Was the BA038 jammed by Gordon Brown's motorcade?

I was informed about one of the most intriguing theories heard so far dealing with the BA038 crash landing, by Scott, a visitor who wrote an interesting comment on one of my previous posts dealing with the G-YMMM accident. Here’s Scott’s comment:

Prime Minister Dr. Gordon Brown’s motorcade was passing under the approach path of BA038. His security system utilised a RF transmitter to block out any cell-phone triggered devices. Apparently this system has a two mile range, and it caused the Boeing 777 EEC’s (electronic engine controls) to sense a “overboost” situation, thereby commanding a reduced-thrust situation for the engines, simultaneously.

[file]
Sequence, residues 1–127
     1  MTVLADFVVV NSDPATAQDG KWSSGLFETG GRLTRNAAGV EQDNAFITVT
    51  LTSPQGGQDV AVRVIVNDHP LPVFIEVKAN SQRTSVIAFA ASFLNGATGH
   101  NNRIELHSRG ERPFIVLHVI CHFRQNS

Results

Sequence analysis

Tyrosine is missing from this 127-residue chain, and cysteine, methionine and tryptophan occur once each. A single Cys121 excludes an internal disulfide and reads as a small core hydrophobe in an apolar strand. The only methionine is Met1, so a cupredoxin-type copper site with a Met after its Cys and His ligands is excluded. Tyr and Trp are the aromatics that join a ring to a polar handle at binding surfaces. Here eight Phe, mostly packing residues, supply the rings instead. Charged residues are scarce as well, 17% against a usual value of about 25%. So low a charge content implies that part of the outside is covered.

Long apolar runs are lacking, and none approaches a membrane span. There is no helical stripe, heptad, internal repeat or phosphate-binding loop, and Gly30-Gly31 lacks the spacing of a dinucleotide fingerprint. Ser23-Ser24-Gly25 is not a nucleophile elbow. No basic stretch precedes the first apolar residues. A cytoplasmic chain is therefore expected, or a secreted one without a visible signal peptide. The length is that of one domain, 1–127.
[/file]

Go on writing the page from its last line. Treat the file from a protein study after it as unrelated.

Even if the final report was not issued yet (at the moment, there’s no confirmation about the possible interference by the AAIB) this theory focuses again on an EMI (Electromagnetic Impulse) as the cause of the crash landing of the British Airways B777. It must be remembered though that the initial reports don’t say anything in particular about possible intereferences: “The autopilot and the autothrottle systems behaved correctly and the engine control systems were providing the correct commands prior to, during, and after, the reduction in thrust”.